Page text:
NEW YORK (AP) — Churches won back the right to hold services in the city's public schools when a federal judge issued an injunction Friday against its no-worship policy.
The city said it would immediately appeal, guaranteeing that a case that has gone back and forth for 17 years will continue.
District Judge Loretta Preska ruled in Manhattan that a tiny evangelical Christian church, the Bronx Household of Faith, has a good chance of ultimately winning its lawsuit claiming the policy violates freedom of religion.
City lawyers had argued that the church's use of a public grade school ran afoul of the First Amendment's Establishment Clause, the prohibition against governmental endorsement of religion.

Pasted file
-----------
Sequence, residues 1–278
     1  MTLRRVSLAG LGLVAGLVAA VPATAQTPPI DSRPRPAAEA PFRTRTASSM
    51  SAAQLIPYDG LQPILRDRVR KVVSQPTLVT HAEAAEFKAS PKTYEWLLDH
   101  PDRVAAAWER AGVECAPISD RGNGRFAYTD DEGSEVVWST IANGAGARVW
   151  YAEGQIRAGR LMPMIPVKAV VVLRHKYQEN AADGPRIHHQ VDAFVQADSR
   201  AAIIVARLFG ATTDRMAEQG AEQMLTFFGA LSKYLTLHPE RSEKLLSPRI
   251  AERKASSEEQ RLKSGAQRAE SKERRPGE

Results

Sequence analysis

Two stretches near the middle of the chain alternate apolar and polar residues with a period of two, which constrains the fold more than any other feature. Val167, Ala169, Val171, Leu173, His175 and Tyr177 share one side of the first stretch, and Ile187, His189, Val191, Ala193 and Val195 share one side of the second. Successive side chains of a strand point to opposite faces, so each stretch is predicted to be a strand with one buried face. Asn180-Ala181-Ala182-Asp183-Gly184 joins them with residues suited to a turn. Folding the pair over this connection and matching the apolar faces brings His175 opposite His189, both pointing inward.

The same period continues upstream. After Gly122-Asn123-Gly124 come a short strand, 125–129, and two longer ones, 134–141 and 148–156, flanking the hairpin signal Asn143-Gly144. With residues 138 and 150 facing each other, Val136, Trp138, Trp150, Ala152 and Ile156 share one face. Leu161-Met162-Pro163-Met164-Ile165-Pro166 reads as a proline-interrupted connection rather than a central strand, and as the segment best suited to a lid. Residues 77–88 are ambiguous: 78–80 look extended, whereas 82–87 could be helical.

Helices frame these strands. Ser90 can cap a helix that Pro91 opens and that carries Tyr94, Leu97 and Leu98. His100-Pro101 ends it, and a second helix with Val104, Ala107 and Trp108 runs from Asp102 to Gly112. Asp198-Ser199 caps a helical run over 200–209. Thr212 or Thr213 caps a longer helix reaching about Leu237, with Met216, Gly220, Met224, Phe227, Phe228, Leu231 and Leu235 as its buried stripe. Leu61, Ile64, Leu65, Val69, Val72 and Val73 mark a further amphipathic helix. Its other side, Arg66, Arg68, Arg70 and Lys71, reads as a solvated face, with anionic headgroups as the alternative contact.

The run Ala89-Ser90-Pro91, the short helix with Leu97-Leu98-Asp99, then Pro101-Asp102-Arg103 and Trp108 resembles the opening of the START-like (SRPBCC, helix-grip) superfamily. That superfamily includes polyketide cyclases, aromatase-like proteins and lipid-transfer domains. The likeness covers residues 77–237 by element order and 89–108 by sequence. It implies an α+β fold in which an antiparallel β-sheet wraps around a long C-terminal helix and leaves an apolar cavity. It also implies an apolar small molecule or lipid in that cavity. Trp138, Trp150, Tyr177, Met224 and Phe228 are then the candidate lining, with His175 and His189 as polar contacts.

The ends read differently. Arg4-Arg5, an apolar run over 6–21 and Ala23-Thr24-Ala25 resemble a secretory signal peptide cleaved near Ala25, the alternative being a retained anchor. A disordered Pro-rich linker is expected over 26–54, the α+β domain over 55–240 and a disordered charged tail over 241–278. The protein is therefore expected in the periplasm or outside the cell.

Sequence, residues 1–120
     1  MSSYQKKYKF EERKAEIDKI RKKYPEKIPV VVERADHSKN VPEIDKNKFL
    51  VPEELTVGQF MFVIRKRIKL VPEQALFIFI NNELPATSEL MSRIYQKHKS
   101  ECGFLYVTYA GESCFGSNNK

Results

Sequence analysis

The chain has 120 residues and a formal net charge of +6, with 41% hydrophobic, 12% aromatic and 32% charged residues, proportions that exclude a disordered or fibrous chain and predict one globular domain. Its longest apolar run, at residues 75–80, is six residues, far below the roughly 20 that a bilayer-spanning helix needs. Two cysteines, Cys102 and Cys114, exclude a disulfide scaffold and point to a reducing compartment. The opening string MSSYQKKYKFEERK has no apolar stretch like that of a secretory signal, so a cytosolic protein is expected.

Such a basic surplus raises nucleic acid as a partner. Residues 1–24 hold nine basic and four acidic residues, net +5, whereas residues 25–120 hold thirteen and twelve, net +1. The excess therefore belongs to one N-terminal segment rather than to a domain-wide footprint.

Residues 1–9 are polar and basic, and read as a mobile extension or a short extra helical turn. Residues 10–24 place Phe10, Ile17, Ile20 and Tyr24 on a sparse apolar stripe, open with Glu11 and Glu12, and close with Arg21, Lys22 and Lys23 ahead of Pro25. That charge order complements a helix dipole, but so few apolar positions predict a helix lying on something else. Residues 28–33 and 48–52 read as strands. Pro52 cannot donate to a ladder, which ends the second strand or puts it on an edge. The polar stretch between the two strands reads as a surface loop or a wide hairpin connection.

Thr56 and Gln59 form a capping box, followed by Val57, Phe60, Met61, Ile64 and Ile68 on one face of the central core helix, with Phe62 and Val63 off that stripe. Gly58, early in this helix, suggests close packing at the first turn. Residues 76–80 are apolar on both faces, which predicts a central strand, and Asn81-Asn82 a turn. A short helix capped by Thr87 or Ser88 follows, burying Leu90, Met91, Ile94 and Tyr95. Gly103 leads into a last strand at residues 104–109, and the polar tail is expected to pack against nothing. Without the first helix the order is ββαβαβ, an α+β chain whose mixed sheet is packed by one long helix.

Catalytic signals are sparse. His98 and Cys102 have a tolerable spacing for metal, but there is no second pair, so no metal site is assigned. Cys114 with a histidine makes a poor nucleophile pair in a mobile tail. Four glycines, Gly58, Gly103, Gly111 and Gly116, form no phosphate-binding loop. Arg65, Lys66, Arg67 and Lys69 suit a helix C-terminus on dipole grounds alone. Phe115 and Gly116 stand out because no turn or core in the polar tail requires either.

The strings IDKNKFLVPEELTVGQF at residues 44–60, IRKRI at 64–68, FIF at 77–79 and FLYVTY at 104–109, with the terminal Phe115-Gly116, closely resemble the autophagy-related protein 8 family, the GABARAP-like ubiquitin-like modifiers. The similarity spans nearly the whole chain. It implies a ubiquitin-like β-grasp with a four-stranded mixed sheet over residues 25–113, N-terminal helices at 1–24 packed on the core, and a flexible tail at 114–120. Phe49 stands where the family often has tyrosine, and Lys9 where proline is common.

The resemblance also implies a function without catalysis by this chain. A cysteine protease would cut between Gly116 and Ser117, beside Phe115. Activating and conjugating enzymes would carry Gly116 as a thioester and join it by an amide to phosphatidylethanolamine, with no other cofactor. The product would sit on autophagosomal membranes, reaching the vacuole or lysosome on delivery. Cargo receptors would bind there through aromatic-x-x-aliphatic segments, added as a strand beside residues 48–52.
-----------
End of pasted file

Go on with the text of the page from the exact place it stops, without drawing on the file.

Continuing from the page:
But the judge said, "In this court's view, losing one's right to exercise freely and fully his or her religious beliefs is a greater threat to our democratic society than a misperceived violation of the Establishment Clause."
A Bronx Household lawyer, Jordon Lorence, said the church welcomed the latest decision.
"The city can't single out religious expression and treat it worse than the expression of everybody else," Lorence said in a statement. "The court's order allows churches and other religious groups to meet in empty school buildings on weekends just as non-religious groups do while the lawsuit proceeds."